A former Montana court employee has dropped her lawsuit over a confidential settlement agreement she signed but later wished to break.
The state has agreed to let Britt Long disseminate a copy of the agreement she entered into with a judge she sued in 2011, after alleging the judge slapped her butt with a folder.
But the state can’t act either way on Long’s desire to publish criticisms of the judge — an act barred by the 2013 agreement. That agreement was signed only by Long, her attorney and the former judge.
Bozeman attorney Matthew Monforton filed the lawsuit on Long’s behalf in U.S. District Court in August, naming Gov. Steve Bullock and Attorney General Tim Fox.
An attorney for Bullock and Fox asked Monforton to drop the suit the week after he filed, saying the only relief the state could grant was to let a copy of the $12,000 settlement agreement be released.
Monforton cast the developments as a win, saying in an email, “Bullock (and) Fox threw in the towel and won't try to defend the gag rule they imposed on Britt Long.”
But a spokeswoman for Bullock had earlier noted both he and Fox were not even sworn into office yet when Long signed her agreement.
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“We’ve said from the beginning that this case has nothing to do with Gov. Bullock,” wrote the governor’s communications director, Marissa Perry. “This voluntary dismissal confirms that.”
John Barnes, communications director for Fox, wrote: "I am glad to see that Mr. Monforton realized he sued the wrong people and dropped his suit before wasting even more taxpayer dollars. For the sake of his clients, I hope he does his homework before filing anything in the future."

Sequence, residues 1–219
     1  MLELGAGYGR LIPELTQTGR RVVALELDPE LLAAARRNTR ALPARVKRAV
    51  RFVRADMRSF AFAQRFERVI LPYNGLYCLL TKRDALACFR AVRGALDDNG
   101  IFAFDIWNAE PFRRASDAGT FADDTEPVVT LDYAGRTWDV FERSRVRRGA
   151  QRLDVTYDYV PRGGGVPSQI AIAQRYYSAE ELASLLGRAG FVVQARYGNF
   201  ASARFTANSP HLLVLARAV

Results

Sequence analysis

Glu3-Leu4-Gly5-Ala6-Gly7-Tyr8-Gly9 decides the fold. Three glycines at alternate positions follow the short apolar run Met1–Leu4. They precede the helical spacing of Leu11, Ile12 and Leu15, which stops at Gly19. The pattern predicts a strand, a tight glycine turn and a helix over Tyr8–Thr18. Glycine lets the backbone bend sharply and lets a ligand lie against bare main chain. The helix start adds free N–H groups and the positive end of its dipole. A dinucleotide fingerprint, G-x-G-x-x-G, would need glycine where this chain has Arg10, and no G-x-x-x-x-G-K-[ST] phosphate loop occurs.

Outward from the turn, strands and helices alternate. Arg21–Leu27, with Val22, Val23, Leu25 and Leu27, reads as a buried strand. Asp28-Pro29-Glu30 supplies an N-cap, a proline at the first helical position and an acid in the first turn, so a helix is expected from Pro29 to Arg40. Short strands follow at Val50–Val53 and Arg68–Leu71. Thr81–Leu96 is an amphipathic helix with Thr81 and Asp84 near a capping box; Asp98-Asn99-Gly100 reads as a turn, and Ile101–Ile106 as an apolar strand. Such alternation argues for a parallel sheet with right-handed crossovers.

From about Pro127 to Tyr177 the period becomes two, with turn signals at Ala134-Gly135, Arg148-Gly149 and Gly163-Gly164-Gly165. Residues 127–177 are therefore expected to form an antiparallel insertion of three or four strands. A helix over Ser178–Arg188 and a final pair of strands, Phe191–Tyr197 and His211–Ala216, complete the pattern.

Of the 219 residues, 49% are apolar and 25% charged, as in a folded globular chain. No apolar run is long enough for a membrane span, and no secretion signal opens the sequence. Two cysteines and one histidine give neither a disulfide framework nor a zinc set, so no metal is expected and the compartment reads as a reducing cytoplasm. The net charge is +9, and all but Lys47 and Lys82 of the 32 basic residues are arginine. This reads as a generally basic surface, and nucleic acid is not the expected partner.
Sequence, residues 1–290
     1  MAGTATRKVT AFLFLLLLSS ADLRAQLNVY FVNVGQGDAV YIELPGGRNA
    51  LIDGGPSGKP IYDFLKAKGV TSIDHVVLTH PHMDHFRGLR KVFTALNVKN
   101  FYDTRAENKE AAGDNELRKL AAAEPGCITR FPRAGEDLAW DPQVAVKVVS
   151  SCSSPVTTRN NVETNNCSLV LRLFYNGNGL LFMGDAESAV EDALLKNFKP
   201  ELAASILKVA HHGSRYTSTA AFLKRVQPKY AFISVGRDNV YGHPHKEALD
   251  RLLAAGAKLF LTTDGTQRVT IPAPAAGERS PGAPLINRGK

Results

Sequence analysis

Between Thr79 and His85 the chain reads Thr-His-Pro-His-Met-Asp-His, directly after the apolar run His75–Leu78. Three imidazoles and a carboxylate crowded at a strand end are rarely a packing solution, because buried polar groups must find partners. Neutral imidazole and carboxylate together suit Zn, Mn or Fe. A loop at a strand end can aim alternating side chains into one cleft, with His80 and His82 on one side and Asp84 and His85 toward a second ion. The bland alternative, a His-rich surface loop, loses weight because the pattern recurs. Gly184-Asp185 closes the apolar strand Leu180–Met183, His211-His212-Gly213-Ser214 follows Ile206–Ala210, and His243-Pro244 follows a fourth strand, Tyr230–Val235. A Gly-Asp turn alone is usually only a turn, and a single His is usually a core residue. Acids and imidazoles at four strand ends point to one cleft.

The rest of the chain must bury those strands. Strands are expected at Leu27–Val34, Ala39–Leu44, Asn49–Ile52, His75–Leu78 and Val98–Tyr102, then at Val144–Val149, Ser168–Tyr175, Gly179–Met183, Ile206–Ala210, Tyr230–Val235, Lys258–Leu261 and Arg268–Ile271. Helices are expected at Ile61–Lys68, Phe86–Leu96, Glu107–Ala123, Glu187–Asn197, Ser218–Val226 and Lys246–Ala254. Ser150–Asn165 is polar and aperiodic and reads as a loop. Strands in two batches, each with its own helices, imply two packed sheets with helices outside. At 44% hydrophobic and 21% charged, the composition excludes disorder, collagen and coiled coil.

Long worked as a court clerk and standing master in the 10th Judicial District in central Montana until 2011. She sued and later entered into a confidential settlement for $12,000 with Judge E. Wayne Phillips, according to a copy of the agreement provided by Monforton.
Long, now a New Jersey resident, wishes to disclose complaints about Phillips relayed to her from two other women. Long said she is pursuing a book and scholarly articles on state-level judicial ethics.
Still unanswered is whether the former judge will agree to release Long from the non-disparagement portion of the agreement. Monforton said his next step is to sue Phillips over that matter. Reached Tuesday, Phillips said he was "not inclined" to waive the non-disparagement clause, adding, "Because, you know, how do you get to the truth?"
Long ran unsuccessfully for Phillips' open seat in 2012, after Phillips announced plans to retire. In the run-up to the election, she was rebuked by Lewis and Clark County District Judge Kathy Seeley for her performance in another case and ordered to pay more than $15,000 in attorney fees. That judge characterized Long's work by "neglect," "paranoia" and "erratic" behavior, and questioned Long's judicial qualifications.